Santosa, who has called Los Angeles home for 13 years, was born in Indonesia and raised in Singapore, before emigrating to the U.S. at age 17. She graduated from Art Center College of Design, just four years later. In 2006, she opened her branding agency Ferroconcrete, where she helped her first client, Pinkberry, grow from one store to a global brand with more than 200 stores worldwide.
She’s taken that branding expertise and created her own start-ups in vastly different categories. In 2013, she launched Commodity, a fragrance company with a mission to make fragrance personal (it has been featured in GQ, Fast Co., Esquire and W Magazine), and in September 2014, she founded and published the first issue of LA Downtowner, a cultural publication for Los Angelinos looking for fun, food, and fashion.
Here Santosa talks about her entrepreneurial drive and the realities of wearing so many hats at once.
What is the meaning behind the name of your agency?
Ferroconcrete is another term for reinforced concrete, which enabled the building of bridges and multiple-story buildings. It’s a metaphor for building brands into skyscrapers. But that’s the long answer. The short one; simply, I love concrete.
People don’t fall in love with businesses, they fall in love with personalities.
What was the impetus behind starting LA Downtowner? That’s a huge undertaking.
I have been living in Downtown Los Angeles for 13 years. I’ve witnessed how it’s changed so quickly, and I just love the energy of this place. I also realized that there wasn’t a publication that celebrated the food, drink, culture, and the people of downtown. I wanted to tell that story and share that. It certainly is a passion project. A monthly love letter.
Are you profiting from the ads or breaking even?
A bit of both depending on the month, but the greatest satisfaction comes from getting to know the local business owners. The experience has been invaluable.
How are you able to balance being the editor of a monthly publication and running a design agency? How much of your time are you running the magazine vs. client work?
I would say 20 percent LA Downtowner, 80 percent agency. Ferroconcrete is my bread and butter. It’s not hard to run LA Downtowner as it stands now, since I am always in downtown and know a lot of people here. The hard part is figuring out how LA Downtowner should grow, evolve and become more integral to DTLA. This needs a lot of time, which I always seem to be running out of.
How involved are you in Commodity on a day-to-day basis?
I’m on Commodity’s board of director, so I’m not involved on a day-to-day basis. We are very lucky to have an amazing CEO who is propelling the brand forward.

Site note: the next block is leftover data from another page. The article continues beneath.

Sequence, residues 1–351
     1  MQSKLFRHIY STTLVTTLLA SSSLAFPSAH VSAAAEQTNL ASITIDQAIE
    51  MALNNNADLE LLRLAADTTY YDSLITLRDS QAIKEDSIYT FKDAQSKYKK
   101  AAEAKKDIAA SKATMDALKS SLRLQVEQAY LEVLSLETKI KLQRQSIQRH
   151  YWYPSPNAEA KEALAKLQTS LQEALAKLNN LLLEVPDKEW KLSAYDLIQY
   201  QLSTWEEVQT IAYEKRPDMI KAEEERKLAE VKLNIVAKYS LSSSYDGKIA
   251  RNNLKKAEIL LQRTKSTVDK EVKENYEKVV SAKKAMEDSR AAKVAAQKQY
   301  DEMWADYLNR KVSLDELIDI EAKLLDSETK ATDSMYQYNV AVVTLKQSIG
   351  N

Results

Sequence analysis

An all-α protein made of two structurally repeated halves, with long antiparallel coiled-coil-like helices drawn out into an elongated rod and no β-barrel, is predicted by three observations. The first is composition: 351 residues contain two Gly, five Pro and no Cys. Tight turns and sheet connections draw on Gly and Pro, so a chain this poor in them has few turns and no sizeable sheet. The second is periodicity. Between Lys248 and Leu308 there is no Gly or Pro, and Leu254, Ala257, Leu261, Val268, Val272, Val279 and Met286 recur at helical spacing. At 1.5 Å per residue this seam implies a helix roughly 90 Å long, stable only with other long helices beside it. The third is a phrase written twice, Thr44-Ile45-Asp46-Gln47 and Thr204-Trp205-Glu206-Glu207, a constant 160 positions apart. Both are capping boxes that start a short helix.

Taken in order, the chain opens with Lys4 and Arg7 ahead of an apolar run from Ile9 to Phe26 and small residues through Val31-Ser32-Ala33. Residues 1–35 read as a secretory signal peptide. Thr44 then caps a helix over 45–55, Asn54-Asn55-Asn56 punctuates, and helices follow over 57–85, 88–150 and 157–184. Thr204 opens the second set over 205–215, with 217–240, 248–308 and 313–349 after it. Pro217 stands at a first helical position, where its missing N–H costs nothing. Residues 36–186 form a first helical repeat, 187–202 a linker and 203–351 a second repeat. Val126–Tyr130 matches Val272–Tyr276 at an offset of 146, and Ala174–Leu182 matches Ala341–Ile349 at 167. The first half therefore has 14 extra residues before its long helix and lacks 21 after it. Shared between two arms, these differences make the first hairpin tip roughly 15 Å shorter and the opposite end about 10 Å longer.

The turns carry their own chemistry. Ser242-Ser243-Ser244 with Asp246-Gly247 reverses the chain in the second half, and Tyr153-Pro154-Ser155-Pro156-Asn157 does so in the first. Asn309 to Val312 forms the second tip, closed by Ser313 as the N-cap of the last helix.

The naming and branding is clever. How do you come up with the names of the fragrances?
We wanted names that are based on goods/necessities. We feel fragrances should be an extension of our personalities. We selected names like book and moss. Names that would bring up imagery, scents, and a sense of lifestyle.
Where does this entrepreneurial drive come from?
I always noticed when I’m not doing something new, I get bored. And I know I am learning when I feel challenged. Starting a new business feels natural to keep myself excited with life.
Do you always start ventures that deliver the kinds of things you want, personally?
I try to, yes. I believe we have to be passionate about the subject matter to be able to deliver our best.
How do you overcome the fear of starting something new?
I’m optimistic to a fault. I always have a blind faith about it being successful. Of course, this is not necessarily a good trait, because I don’t always plan things long term. I get excited about something, and I just do it.
How do you know when something will work? or do you know? Is it all a gamble?
I don’t know if it will always work. It’s a mix between optimism and gut instinct. I always ask myself would I be into this?
And it is all a gamble. That’s part of the fun, fear, and excitement.
Have you ever started something that didn’t take off?
Ferroconcrete has been around for 10 years. There are times when I thought we had to shut our doors. We’re at the mercy of the U.S. economy. That goes for most things.
I think the biggest take away for me after doing this for so long is how do I balance my personal life with all the current and new businesses I want to do. Recently I’ve been giving myself a lot of personal time. To recharge and live life.
I look back at the past 10 years (even longer before I started Ferroconcrete), and I ask myself, ‘Where was I personally in those years?’ And it’s hard to remember the times when I was relaxed, physically and mentally. This is my current learning curve. Finding that balance.
Are you starting any new entrepreneurial endeavors?
Yes! Always, but they’re still under wraps at the moment.
March 28, 2017
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